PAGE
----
On a sunny day in early August, the sound of crisp, rushing water could be heard as it flowed naturally through the Columbia Dam for the first time in 109 years. Kayakers, canoers and outdoor enthusiasts rejoiced that by next summer they would be able to enjoy everything the Delaware River has to offer. It was just one of many reasons to celebrate The Nature Conservancy’s effort to remove the century-old Columbia Dam.
Working with a team of partners, the Conservancy’s plan to remove the 300-foot-long, 18-foot-high structure has been many years in the making. The dam, which is situated near the intersection of the Paulins Kill tributary and the Delaware River, has been degrading water quality and blocking the passage of fish since it was built in the early 1900s. When the structure is completely removed, natural habitat for a variety of fish species and other wildlife will be restored, and water flowing into the Delaware River, a source of drinking water for millions of people in the area, will improve.
“It is a special kind of satisfaction to know that American shad will no longer ‘bump their noses' on the Columbia Dam when they return to spawn, that cleaner water will be entering the Delaware and that people will have an uninterrupted waterway for recreation," said Barbara Brummer, The Nature Conservancy’s New Jersey State Director.
The Columbia Dam was originally constructed for ice harvesting and to supply power to the towns of Columbia, NJ and Stroudsburg, PA. Over time, however, the dam became home to pools of stagnant water, stopped migratory fish from reaching their spawning grounds, and kept people from experiencing full recreational use of the river. The effects were so damaging that it became vital for the dam to be taken down.
In addition to the Conservancy, support and funding for the removal of the dam came from a variety of organizations such as the New Jersey Department of Environmental Protection, The U.S. Department of Agriculture’s Natural Resource Conservation Service, New Jersey Department of Fish and Wildlife, US Fish and Wildlife Service, American Rivers, the U.S. Fish and Wildlife Service Fisheries Program, the Corporate Wetlands Restoration Partnership and the National Fish and Wildlife Foundation.
Additionally, support for the dam removal came from Tom’s of Maine, the leading maker of natural personal care products. With a long-standing commitment to supporting people, communities and the planet, the company’s support of the Columbia Dam removal is vital to the Conservancy’s mission to better protect, preserve and restore the nation’s freshwater.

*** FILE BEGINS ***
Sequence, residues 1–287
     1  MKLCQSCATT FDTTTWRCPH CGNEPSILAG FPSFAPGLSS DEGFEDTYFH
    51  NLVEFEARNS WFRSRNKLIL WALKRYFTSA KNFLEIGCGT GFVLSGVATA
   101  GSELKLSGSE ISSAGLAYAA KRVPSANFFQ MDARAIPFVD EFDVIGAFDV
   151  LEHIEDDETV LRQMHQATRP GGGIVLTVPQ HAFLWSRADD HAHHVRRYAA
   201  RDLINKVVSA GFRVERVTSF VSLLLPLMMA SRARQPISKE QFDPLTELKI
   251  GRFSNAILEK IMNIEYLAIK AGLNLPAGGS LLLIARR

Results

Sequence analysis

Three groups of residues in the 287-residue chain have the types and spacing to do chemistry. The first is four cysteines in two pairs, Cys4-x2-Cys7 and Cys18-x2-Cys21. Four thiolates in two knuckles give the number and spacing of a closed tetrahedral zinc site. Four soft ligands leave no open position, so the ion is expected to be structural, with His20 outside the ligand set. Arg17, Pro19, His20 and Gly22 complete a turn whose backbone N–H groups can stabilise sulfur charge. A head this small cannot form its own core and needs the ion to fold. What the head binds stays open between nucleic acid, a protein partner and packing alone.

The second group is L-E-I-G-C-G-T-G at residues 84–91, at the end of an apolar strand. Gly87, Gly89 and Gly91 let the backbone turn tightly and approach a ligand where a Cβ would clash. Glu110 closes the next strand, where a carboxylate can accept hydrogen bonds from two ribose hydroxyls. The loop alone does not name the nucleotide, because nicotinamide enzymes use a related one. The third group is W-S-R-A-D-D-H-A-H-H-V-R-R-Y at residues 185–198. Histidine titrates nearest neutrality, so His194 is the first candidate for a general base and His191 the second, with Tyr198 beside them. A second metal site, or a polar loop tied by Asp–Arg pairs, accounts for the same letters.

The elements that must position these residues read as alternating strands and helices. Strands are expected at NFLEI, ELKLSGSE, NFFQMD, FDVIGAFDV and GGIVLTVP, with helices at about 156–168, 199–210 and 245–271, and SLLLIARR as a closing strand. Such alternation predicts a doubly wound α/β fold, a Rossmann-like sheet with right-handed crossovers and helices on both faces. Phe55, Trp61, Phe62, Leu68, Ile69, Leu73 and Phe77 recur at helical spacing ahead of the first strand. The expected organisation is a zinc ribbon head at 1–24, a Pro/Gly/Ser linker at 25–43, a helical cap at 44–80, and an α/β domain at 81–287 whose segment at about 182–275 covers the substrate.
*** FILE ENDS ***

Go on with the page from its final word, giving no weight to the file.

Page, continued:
Every year, Tom’s of Maine donates a portion of its profits to conserve nature for future generations. The company has been giving 10% of its profits for decades and has supported hundreds of nonprofits, including The Nature Conservancy. Tom’s of Maine’s support for the Columbia Dam is part of a larger contribution of $1 million to the Conservancy to support water restoration projects.
On-the-ground work on the Columbia Dam began in summer 2018 and progressed quickly. On August 3, the first notch, a cut thirty feet wide, was made in the structure. The Conservancy, partners, community members and engineers with heavy equipment are removing the dam completely and restoring the natural riverscape, a process that will take several months.
What about the clean power generation lost by the deconstruction of the dam? Even that challenge is being creatively solved. The Conservancy designed a plan at the nearby Pequest Fish Hatchery to use solar panels to exceed the power generated by the dam, while also acting as barriers to birds spreading disease among the young trout. The New Jersey Division of Fish and Wildlife has the project out to bid.
Taking out the dam and restoring the natural river habitat will result in a domino effect of benefits for shad, trout and other wildlife, and for people, who will have cleaner drinking water and enhanced hiking, fishing, and paddling access—without losing a single watt of clean energy generation.
The Columbia Dam is not an anomaly. Across the Northeast, more than 14,000 dams have been identified as high priority for removal. The Conservancy is working with partners to eliminate many of these antiquated structures and restore local waterways and habitats to natural balance.